Cell phones use radio technology. The first generation of cell phones used the analog system, with a certain number of channels in each cell. However, the analog system didn’t have the technology to compress the signals that were transferred between the cell phone and the cellular network, which created system overload. A system with more capability was needed.
Digital technology uses radio technology in a different way than the analog system did. Second-generation cell phones use the digital transmission system, which increased the number of available channels and thus increased the number of calls that can be held simultaneously. This is also true for cable companies, which use the digital system to fit more channels into each bandwidth.
Digital phones use a complex conversion process to transfer your voice by compressing information. Your voice is first converted into binary information (1s and 0s), and then compressed before being transmitted. This process of compression enables more calls, up to ten digital cell phone calls, to be compressed to take up the space that one analog call does. Digital cellular systems use FSK -- frequency-shift keying -- to alternate between analog and digital, converting and sending the information back and forth between the cell tower and the cell phone.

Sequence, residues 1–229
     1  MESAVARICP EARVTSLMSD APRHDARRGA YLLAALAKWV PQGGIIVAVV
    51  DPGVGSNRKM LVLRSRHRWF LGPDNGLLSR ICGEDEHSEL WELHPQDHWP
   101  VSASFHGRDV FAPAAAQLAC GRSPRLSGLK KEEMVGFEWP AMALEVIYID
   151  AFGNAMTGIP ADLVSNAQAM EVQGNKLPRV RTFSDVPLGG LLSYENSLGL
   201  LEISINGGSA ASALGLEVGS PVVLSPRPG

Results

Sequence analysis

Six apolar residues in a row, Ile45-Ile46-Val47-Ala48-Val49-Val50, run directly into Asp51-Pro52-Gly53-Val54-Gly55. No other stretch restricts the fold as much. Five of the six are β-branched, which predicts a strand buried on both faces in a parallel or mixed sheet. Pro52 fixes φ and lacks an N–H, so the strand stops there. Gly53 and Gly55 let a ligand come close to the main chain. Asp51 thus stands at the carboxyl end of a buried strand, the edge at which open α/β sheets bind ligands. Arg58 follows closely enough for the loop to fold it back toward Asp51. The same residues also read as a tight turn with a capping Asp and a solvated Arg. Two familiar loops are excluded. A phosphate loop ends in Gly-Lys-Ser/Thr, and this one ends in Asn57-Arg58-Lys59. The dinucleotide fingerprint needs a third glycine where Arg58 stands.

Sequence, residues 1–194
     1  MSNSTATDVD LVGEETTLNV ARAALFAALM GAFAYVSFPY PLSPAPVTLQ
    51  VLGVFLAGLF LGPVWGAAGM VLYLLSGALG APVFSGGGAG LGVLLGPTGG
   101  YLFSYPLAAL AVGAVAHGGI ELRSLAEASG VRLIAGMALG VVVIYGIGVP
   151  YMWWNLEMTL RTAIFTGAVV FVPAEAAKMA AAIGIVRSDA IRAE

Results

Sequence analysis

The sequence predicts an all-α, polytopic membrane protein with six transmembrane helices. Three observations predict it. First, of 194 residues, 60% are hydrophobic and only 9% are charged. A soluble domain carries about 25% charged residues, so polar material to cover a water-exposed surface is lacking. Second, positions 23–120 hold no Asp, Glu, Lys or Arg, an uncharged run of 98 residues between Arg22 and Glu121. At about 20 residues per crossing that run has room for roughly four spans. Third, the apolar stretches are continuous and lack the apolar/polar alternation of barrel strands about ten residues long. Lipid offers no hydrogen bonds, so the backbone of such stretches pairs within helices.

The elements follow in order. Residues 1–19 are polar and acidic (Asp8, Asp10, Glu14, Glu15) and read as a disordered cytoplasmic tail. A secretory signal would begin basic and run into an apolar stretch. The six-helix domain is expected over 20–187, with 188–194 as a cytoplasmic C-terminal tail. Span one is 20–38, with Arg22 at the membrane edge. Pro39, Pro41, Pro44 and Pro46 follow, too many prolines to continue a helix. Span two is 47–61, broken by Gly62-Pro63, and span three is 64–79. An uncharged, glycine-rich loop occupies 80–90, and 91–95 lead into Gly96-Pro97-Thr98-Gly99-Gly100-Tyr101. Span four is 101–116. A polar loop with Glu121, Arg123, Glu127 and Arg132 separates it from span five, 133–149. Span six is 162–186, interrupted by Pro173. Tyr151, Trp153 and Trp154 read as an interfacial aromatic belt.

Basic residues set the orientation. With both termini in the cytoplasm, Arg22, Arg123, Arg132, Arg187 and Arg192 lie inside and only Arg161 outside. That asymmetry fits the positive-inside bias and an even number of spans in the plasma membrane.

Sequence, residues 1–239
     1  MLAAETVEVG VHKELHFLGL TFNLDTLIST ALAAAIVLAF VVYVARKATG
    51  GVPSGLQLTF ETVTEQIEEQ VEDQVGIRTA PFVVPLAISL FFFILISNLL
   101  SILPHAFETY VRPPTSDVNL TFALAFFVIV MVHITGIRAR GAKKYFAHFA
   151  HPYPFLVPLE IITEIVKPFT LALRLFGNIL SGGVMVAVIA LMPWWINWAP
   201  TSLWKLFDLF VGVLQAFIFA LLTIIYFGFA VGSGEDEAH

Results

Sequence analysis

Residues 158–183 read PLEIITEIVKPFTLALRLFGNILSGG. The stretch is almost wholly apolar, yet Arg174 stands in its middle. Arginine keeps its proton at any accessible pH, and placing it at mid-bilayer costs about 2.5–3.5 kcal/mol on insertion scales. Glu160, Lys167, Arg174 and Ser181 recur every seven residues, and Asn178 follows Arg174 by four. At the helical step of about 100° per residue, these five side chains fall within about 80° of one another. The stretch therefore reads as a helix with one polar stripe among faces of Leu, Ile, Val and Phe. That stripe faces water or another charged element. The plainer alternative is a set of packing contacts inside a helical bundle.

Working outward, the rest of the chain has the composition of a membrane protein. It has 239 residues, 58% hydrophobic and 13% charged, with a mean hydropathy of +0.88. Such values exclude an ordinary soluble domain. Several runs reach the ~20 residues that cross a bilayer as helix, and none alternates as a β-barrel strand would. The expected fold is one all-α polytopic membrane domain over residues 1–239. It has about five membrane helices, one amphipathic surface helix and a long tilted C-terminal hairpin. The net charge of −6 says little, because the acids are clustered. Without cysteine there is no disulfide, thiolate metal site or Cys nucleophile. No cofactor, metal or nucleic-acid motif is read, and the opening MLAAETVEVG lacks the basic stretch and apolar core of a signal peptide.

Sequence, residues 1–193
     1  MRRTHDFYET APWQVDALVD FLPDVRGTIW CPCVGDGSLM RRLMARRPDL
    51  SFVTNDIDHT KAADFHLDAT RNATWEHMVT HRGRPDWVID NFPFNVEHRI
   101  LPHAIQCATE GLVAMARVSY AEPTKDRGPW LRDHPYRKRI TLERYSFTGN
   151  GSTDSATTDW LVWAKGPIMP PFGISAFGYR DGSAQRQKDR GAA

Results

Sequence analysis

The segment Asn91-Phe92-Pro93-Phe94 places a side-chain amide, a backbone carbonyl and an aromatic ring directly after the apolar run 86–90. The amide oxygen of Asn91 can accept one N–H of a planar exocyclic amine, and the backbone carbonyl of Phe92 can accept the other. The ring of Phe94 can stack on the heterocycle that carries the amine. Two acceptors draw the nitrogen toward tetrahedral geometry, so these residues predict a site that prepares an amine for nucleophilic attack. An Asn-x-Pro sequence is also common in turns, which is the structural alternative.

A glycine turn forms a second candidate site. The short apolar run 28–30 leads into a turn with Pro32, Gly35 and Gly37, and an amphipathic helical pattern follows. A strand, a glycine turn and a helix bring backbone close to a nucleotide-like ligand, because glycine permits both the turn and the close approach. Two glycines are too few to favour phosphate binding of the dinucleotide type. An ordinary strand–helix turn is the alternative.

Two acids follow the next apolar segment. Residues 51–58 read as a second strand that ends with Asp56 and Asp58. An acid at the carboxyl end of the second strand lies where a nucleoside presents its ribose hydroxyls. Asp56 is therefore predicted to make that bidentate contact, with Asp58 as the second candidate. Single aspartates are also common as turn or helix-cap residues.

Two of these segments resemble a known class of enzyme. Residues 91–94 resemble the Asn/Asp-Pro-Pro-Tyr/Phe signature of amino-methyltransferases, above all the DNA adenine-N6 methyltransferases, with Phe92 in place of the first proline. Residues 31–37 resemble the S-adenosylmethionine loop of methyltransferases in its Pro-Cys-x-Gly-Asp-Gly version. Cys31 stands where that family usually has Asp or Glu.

The digital processing is powerful and quick; it retains good voice quality and gives greater service within each cell. Digital cell phone service is quicker than analog and much more efficient, which is why the analog system has become outdated so quickly and why digital systems have taken over.